Junji Ito is one of Japan's most well known horror manga artists, influenced by others of the genre: Hideshi Hino, Kazuo Umezu and one of the legends of American horror: H.P Lovecraft. It's no surprising that the front cover of Junji Ito's pulp graphic novel, Uzumaki, is horror at its best with an illustration of a girl gazing with big bulging: eyes as if she's seen a ghost, with the title: Uzumaki encrypted in creepy style letters across her forehead. Once I opened the book, it's instantly manga style, because the illustrations are shadowy in black and white colors, and the world seems so dark and intense that readers would be totally naive to think that something hair-raising wouldn’t unfold. The book is also traditional manga which is usually read in the opposite format, from left to right. The book contains disturbing monsters, graphic images and a very neat and organized storyline to go with the picture perfect illustrations. It's as if Junji Ito has taken cues from American illustrators such as Norman Rockwell and Drake Waller, and incorporated their style of realism art into his own material. The characters in Junji Ito's book look so much like real human beings, precise in line, shape and structure, that it hardly represents anything campy or amateur. Also, the book is in a novel format, with approximately 200 pages in paperback.
What stands out is the remarkable way in which the book, Uzumaki is presented. On the front cover all you can see is the close up face painting of an intoxicatingly beautiful young woman (who turns out to be the main character of the book named Kirie) with peach colored skin, soft red lips, penciled in eyebrows, and a look of despair, innocence and horror in her bulging eyes. Unlike the rest of the book which is in black and white, the face of this girl is animated in rich color as if Junji wanted me to be so enticed by the beauty of this girl, that I would be immediately compelled to pick this book up. Not only is the author capable of presenting to the public such extraordinary, impressionist art, but the cover of the book also sets the bar for what is to come inside of the book- which is a tale of love, danger, and a world torn apart between good and evil. The main character Kirie Goshima is the teenage, catholic school girl heroine of this intensely gory tale, who’s faced with the burden of trying to escape a haunted ocean near her neighborhood that breeds monsters, transforms into weapons of destruction and preys on the innocent who dare to walk pass it. The catastrophic ocean also becomes an intruding obstacle in Kirie's relationship with her boyfriend Shuichi. And the ocean even breeds a demon who transforms into a sweet young girl who Kirie foolishly befriends. Throughout the story (which takes place in modern day Japan) it’s graphic image after graphic image of people screaming, running, and exercising precaution against the unspeakable, as the haunted ocean grows enormous and eventually manifests its wrath.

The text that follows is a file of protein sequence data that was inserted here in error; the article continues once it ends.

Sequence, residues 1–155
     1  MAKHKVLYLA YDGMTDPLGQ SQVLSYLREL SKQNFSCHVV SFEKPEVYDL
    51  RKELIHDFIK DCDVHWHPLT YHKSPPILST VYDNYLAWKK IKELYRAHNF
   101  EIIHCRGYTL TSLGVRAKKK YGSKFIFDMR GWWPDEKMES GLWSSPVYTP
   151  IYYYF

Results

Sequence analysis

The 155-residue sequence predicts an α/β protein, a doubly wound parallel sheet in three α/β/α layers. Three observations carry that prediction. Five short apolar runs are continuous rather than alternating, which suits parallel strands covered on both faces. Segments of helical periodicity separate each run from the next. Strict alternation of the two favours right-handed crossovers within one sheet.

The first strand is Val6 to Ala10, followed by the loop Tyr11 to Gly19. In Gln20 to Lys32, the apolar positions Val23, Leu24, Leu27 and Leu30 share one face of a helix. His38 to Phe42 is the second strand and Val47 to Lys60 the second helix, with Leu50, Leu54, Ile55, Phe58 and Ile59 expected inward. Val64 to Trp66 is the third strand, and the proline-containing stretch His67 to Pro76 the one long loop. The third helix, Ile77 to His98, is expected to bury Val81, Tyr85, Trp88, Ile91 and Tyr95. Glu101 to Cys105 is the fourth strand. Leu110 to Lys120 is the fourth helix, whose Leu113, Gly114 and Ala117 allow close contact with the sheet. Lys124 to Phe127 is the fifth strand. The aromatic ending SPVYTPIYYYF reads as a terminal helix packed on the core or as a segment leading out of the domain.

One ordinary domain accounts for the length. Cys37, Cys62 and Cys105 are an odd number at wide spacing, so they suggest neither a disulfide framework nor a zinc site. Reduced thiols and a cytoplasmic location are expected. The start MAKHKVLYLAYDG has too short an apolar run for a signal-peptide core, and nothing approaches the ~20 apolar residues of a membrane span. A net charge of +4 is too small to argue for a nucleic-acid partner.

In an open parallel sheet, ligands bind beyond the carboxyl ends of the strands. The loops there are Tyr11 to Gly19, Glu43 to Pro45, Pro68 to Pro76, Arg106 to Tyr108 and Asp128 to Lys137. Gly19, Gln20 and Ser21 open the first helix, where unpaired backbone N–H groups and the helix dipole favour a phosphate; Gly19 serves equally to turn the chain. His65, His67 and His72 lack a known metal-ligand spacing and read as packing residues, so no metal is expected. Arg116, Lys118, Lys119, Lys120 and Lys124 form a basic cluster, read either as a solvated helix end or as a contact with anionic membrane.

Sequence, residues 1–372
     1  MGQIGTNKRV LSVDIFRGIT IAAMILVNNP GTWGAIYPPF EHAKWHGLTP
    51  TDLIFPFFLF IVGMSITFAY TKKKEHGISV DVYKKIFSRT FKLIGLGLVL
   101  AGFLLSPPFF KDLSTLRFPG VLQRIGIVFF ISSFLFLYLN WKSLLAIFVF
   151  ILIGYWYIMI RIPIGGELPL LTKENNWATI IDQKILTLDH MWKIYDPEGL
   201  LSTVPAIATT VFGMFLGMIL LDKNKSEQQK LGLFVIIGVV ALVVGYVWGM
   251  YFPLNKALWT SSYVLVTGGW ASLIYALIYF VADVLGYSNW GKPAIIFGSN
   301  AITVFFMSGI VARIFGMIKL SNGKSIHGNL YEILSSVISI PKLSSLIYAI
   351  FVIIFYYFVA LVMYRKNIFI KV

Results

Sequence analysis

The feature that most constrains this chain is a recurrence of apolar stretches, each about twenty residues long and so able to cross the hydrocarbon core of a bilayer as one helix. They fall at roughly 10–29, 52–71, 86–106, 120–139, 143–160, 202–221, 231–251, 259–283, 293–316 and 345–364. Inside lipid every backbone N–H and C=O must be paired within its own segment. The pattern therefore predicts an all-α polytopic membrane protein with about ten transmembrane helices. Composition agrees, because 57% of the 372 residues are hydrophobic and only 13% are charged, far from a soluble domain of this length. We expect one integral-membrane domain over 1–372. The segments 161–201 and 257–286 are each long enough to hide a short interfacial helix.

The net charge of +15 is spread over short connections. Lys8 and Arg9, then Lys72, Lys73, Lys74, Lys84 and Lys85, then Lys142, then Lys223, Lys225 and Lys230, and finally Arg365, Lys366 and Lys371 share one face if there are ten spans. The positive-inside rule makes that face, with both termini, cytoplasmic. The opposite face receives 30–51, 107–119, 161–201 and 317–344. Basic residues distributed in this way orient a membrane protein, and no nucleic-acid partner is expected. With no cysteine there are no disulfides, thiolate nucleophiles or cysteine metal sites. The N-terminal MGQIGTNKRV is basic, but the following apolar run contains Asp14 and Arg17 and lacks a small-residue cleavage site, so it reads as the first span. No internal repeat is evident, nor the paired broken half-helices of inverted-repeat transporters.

What creates a remarkable story, and magnificent writing, is not just the story, but the whole package. I was already blown away by the front cover that I had to look this book over and check it out. It's about the presentation, the execution and the passion that the writer had when creating this book. I could pinpoint Junji's passion for horror, noir and the supernatural by the way he has drawn such graphic and disturbing images- and then narrated a shocking thriller to complement the art. This is the way storytelling should be. And even though Uzumaki
was made into a live action movie released in America, it raises the question: will more international artists/writers like Junji Ito finally become household names in the U.S?